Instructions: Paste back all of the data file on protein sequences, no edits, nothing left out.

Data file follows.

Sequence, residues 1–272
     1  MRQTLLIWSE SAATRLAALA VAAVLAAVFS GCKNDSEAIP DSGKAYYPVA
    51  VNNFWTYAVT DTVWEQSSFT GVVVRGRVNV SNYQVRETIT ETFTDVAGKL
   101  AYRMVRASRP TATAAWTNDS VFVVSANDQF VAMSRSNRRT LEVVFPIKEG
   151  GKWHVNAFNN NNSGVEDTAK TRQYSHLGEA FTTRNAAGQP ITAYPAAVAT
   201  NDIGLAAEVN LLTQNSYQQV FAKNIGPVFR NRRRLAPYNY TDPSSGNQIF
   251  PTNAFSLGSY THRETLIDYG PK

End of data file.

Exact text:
Sequence, residues 1–272
     1  MRQTLLIWSE SAATRLAALA VAAVLAAVFS GCKNDSEAIP DSGKAYYPVA
    51  VNNFWTYAVT DTVWEQSSFT GVVVRGRVNV SNYQVRETIT ETFTDVAGKL
   101  AYRMVRASRP TATAAWTNDS VFVVSANDQF VAMSRSNRRT LEVVFPIKEG
   151  GKWHVNAFNN NNSGVEDTAK TRQYSHLGEA FTTRNAAGQP ITAYPAAVAT
   201  NDIGLAAEVN LLTQNSYQQV FAKNIGPVFR NRRRLAPYNY TDPSSGNQIF
   251  PTNAFSLGSY THRETLIDYG PK